Finally check out what is happening in your local area by visiting your library and council offices.

Happy Holidays!

 

Change is tough for anybody to get to grips with, especially children. Even the smallest of transitions can cause them to question their standing in life, and those that are genuinely life-changing can have the potential to make or break them.

You can help your children when it comes to these sorts of changes in life, though, by preparing them for them. For advice on how to do just that in regard to certain situations of change, read through this article.

Preparing them for moving school

Whether it’s through choice or whether the decision was made out of their control, there will come a time in their lives where your child will move school. Some take it better than others, and some make it far more challenging than it needs to be.

If your child challenges their school move, it means they are not ready or prepared to make the change being asked of them. If you feel your child might challenge you, then you need to prepare them beforehand. You need to take action by discussing the move with your child well in advance of it happening, you need to show as much enthusiasm as you can for the move yourself, and you need to discuss with your child everything about the move that is making them uneasy. By listening to them, you can understand exactly what they are concerned about, and you can counteract this by talking about the positives of the change. If it is moving from lower school to upper school, this will be a particularly emotional upheaval, and there will be opportunities to work with the schools involved, as well as other children and pupils, to help deal with the transition.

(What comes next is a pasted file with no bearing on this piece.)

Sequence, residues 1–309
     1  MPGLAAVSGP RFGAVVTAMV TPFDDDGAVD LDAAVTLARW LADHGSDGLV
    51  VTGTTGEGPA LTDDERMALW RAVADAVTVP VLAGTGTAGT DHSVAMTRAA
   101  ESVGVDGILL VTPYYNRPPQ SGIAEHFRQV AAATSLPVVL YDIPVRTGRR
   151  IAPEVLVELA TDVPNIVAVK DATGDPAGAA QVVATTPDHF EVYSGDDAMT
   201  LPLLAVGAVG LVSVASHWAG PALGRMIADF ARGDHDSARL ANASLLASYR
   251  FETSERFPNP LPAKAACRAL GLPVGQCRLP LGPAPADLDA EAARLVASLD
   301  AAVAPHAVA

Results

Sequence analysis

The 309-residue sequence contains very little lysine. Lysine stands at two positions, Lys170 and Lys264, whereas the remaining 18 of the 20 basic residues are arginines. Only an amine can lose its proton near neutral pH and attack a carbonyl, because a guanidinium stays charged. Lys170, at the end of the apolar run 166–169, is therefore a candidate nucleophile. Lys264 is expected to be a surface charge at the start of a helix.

Preparing them for moving house